This upbeat musical, based on the cult 1980 film starring Dan Aykroyd and John Belushi, follows Jake and Elwood on an eventful tour of the US.  Armed with new twists, moves and freshly laundered suits, Jake (Brad Henshaw) and Elwood (Chris Chandler) are on a mission to bring ‘Soul and Blues’ into the heart of Glasgow.  Joining them are the fabulous ‘Bluettes’ (Played by Alexus Ruth, Jenny Fitzpatrick and Jenessa Qua).

Once up and running the audience are treated to the fast paced energy associated with Blues Brothers performances, belting out all the well-loved songs including “Soul Man”, “Everybody Needs Somebody”, “Gimme Some Lovin’”, “Rawhide”, and many more.

Chandler and Henshaw share the spirit of the original in this high energy, fast paced show. Both are vocally capable, and Fletcher does a good job in recapturing the deadpan persona of Aykroyd's creation. The two leads share the majority of the songs and are happy belting out the well-known tracks.

The other stars of the show are the fantastic band and supporting singers whom as well as providing backing vocals, step up centre stage and provide fantastic highlights of the evening that include ‘Minnie the Moocher’ and ‘Think’ (gaining easily the loudest cheers of the night).

Bring out your fedora’s and dig out your shades and prepare to party like never before because The Blues Brothers are back in town!

The Blues Brothers Approved
King's Theatre, Glasgow
Mon 25 – Wed 27 March
Mon – Wed eves 7.30pm
Tickets: £10 - £25
Box Office 0844 871 7648 (Bkg fee)
www.atgtickets.com/glasgow (bkg fee)
Mar 23rd

Punch Pandemonium Goes To ... The Theatre

By Cameron Lowe

Review by Cameron Lowe

Punch Pendemonium Goes To ... The Theatre

Punch Productions present the latest in their series of adult sketch shows as part of Glasgow's established Magners International Comedy Festival.

The venue for this two night event is Jaks Nightclub on Sauchiehall Street. Not a bad space at all for this popular festival with the only real compromise being the ambient temperature.  One punter claimed he had to push aside a polar bear to get a good seat in this sell out gig!

The Punch writing team have really hit their stride as they cover a topic close to their hearts.  Previous Pandemonium outings include "The Pub" and "The Hospital" but their enthusiasm for this latest destination really shone through.

The variety of characters across the dozen or so sketches was impressive.  Old lady members of the audience who hum the tunes and rustle loud plastic bags, overconfident performers, angry choreographers, biscuit munching committee members and competitive members of the chorus were just some of the highlights.  Roy McGregor as "Chav" and Patricia Welch as "Professional Director" delivered particularly strong performances in the workshop sketch but the cast's universal commitment to delivering strong, believable and easily identifiable characters was key to the success of the sketch format.

The company demonstrated a broad range of talents by incorporating music and choreography.  Lyric rewrites of well known musical numbers were occasionally juvenile but the original opening number from David Sturgeon "Short, Fat And Baldy Leading Man" was a big hit with the audience.

The writing of the amdram committee sketches was inspired.  The Production Committee, Tea Committee and Biscuit Committee sketches were a stand out, particularly as the script played outrageously with the amdramer's tendency to name their societies with contrived acronyms.

All in all, this was a very entertaining evening and well worth the £10 ticket price.  A few seats are still available for Saturday 23rd March.  Buy a ticket and start a great night out in Glasgow at 7pm ... just remember to wear your thermals!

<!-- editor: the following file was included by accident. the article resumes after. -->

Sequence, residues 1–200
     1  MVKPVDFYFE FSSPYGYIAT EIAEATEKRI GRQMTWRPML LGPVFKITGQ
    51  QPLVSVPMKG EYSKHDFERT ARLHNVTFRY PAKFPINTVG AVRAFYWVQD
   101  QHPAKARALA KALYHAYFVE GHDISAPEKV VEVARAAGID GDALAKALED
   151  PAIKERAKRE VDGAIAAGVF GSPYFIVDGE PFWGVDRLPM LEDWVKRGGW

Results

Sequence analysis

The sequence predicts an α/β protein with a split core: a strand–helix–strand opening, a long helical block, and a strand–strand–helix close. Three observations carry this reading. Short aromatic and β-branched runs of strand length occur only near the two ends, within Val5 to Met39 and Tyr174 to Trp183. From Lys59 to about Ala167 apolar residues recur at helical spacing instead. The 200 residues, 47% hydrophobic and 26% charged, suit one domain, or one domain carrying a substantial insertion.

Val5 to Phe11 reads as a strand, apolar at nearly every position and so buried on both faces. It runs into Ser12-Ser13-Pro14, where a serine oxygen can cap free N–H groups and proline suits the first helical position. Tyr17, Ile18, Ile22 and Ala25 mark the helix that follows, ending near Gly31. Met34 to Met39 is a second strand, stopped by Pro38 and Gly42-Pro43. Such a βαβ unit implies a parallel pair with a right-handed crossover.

Tickets from: http://glasgowcomedyfestival.com/shows/#!/shows/543

Punch Productions: http://www.punch-productions.com/index.html

Mar 13th

The 39 Steps - Theatre Royal, Glasgow (11 – 16 March 2013)

By Cameron Lowe

The 39 StepsThe 39 Steps is one of the cleverest and most entertaining productions on stage today.  A hilarious tribute to Hitchcock’s 1935 movie, this play is a must for any fan of classic spy thrillers or lampoon comedy.

 

John Buchan’s famous story follows Richard Hannay (Richard Ede) as he is caught up in a tale of pre WWII espionage and murder.  While he tries to unravel the mystery of ‘The 39 Steps’ he is constantly pursued by the police for a murder he did not commit.  He is reluctantly (at first) joined by Pamela (Charlotte Peters) as they try to track down the fiendish Professor (Tony Bell) who has orchestrated a plot to steal top secret military data.  The play is amazingly faithful to the Hitchcock movie incorporating the famous Forth Railway Bridge scene and an ambitious chase across the Scottish highlands.

 

“All well and good” you may say.  So what is so special about this production?  Well, for one thing all 30 characters on stage are played by 4 actors.  And quite convincingly so!  In fact, between them, Tony Bell and Gary MacKay play 26 characters with more costume changes than I could count.  It is difficult to pick a favourite from so many strong characters but Gary MacKay’s Crofter was a great reminder of James Finlayson (the ever present baddie in the Laurel & Hardy flicks) and had me in stitches.  Together these two created the chaotic situations to set our hero against.  Richard Ede was the perfect straight man to highlight their antics.  Charlotte Peters’s contribution should not be underestimated as her characterisation of the 2 ‘love interest’ females as well as the “ridiculously Scottish” Hotelier’s wife was flawless.

 

Richard Hannay flees the police

The script, staging and direction were equally intelligent and funny.  Sometimes the use of set and props would get as many laughs as the performances.  The entire ‘train to Scotland’ sequence was hilarious and watch out for the cameo appearance of Hitchcock himself during a remarkable biplane chase sequence!

 

This is a simply brilliant production with some truly first class touches.  It does for the Spy Thriller genre what Carl Reiner’s 1982 film “Dead Men Don’t Wear Plaid” and Larry Gelbart’s hilarious musical “City of Angels” did for Film Noir.  Five stars – no less.

 

The 39 Steps

Theatre Royal Glasgow

Mon 11 – Sat 16 Mar

Mon  - Sat eves @ 7.30

Thu & Sat mats 2.30pm

Tickets: £12.50-£27

 

Box Office: 0844 871 7647 (Bkg fee)

www.atgtickets.com/glasgow (Bkg fee)